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The Non-Marvel Action Hour 2/11/9

Green Arrow: The Longbow Hunters, new Secret Six and Fables, more Green Arrow, Catwoman, and Fables: 1001 Nights of Snowfall.

Employee’s Pick

Longbow Hunters 2

[DC] Green Arrow: The Longbow Hunters #1-3

Writer/Artist: Mike Grell

Oh, hey, look, a Green Arrow action figure. You’d almost think I had planned this. It’s not based on his attire in this story, which differs from his more iconic costume, but close enough.

1987. The Post-Crisis DCU is taking form. Frank Miller turns the lights down real low with Batman: The Dark Knight Returns. Everyone’s getting grimmer and grittier. Now it’s Green Arrow’s turn. Grell brings him into the real world, where the bad guys wear suits and don’t have to break out of jail because they never get that far in the first place. No trick arrows, no supervillains, no black and white morality. The old rules no longer apply, and Ollie spends half the series struggling to adjust.

The Seattle Slasher’s killing streetwalkers – eighteen and counting – and a second murderer, deemed the ‘Robin Hood Killer’ is crossing the country, shooting old men with arrows. Could it be Green Arrow, exacting harsh justice on the side? or perhaps the police suspect him and harrass him throughout the story? No. To Grell’s credit, he pursues neither of those obvious avenues. Green Arrow’s a hero. The police aren’t real friendly with him, but they don’t throw him in jail so Grell can avoid addressing the plot. It’s fairly straightforward. There’s a mystery, which steadily unfolds, there are good guys and bad guys, there are conflicts external and internal. Ollie’s biological clock is ticking, but Dinah doesn’t want their kids to grow up without parents, a very real fear for someone in their occupation. Metatextually, it’s even scarier; though Ollie and Dinah aren’t likely to die (at least not permanently), any kids they had would stand little chance of anything resembling a normal life. Stuck as a toddler forever, or rapidly aged to adulthood, or constantly kidnapped, or erased from continuity, or all of the above.

someone knows

Oliver Queen takes three double-sized issues to explore his life, his place in a changing world, Green Arrow’s place, and his relationship with Dinah Lance, Black Canary. Dinah is, unfortunately, relegated to a damsel in distress role, captured by common thugs and tortured until Ollie can rescue her. Reading this makes me appreciate Gail Simone’s take on her in Birds of Prey that much more, particularly the opening story arc, which reads like a subtle satire of her part here. It’s the weakest part of this story, and sours my opinion on the whole.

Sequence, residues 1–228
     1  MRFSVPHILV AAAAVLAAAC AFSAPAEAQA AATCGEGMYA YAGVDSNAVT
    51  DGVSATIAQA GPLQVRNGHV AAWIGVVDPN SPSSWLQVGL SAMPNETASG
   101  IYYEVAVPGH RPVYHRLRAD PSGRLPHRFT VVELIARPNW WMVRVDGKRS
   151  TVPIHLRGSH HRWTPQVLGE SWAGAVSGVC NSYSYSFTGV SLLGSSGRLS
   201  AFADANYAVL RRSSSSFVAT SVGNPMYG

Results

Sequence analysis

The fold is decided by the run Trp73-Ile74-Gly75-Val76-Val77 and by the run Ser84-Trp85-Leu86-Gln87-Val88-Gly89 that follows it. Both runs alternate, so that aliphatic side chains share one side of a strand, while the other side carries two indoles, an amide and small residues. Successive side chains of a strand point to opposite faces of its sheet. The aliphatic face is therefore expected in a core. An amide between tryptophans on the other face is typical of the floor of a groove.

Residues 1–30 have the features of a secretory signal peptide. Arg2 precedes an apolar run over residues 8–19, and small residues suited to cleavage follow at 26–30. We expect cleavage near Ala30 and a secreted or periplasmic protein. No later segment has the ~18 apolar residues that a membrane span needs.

Though there are no proper costumed baddies, Grell does introduce Green Arrow’s most memorable nemesis: Shado, a Japanese woman trained in archery by the Yakuza. Ollie has to choose between helping or hindering her quest for revenge, and it’s not as easy a choice as firing a boxing glove arrow at Merlyn.

Aside from the poor treatment of Black Canary, the main problem with this story is it only works out of continuity, out of the greater DC Universe. The DCU will never be the real world. Not because of superpowers or magic, but because logic only applies when writers and editors say so. If you set aside decades of heroes not killing because there’s always another way, you have to go cold turkey. Everyone becomes a soldier, or a cop, making tough decisions all the time. It’s not "maybe I’ll have to kill someone occasionally," and you can’t have some people play by one set of rules and another group following a different set. This Green Arrow can’t exist in the same world as a Batman who constantly finds a way to save the Joker, so he can lock the looney up until the next killing spree. If Batman can do that, Green Arrow can get by just fine with trick arrows. I see this as an Elseworlds, the story of what Green Arrow would be like if he lived in a world much like ours, where there are few if any other superheroes, no alien invasions, maybe no superpowers. He’s a guy with a bow, doing the best he can.

New-Type Books

Secret Six 6

[DC] Secret Six Vol. 4 #6

Writer: Gail Simone
Pencilers: Nicola Scott, Javi Pina, Pete Woods

Origins? Check. Omens? Not so much. I don’t buy that this issue is tying into anything. Final Crisis came and went, leaving Secret Six untouched. So much hype, so little consequence. Now we’re expected to believe Origins & Omens is important to this series? Apparently, it’s something to do with the big Green Lantern event, Blackest Night, since the moustache-twirlingly evil Guardian Scar’s hanging about. I don’t know, and I don’t care enough to find out. Nothing against Blackest Night – unlike most Events, it looks passing good – but it’s Green Lantern business. If I read the GL books, I’d want it kept out of other titles just as much. It’s not going to be self-contained like it should be, like it needs to be to impact characters on a personal level, but it doesn’t need to infect the whole DC library. More on that later.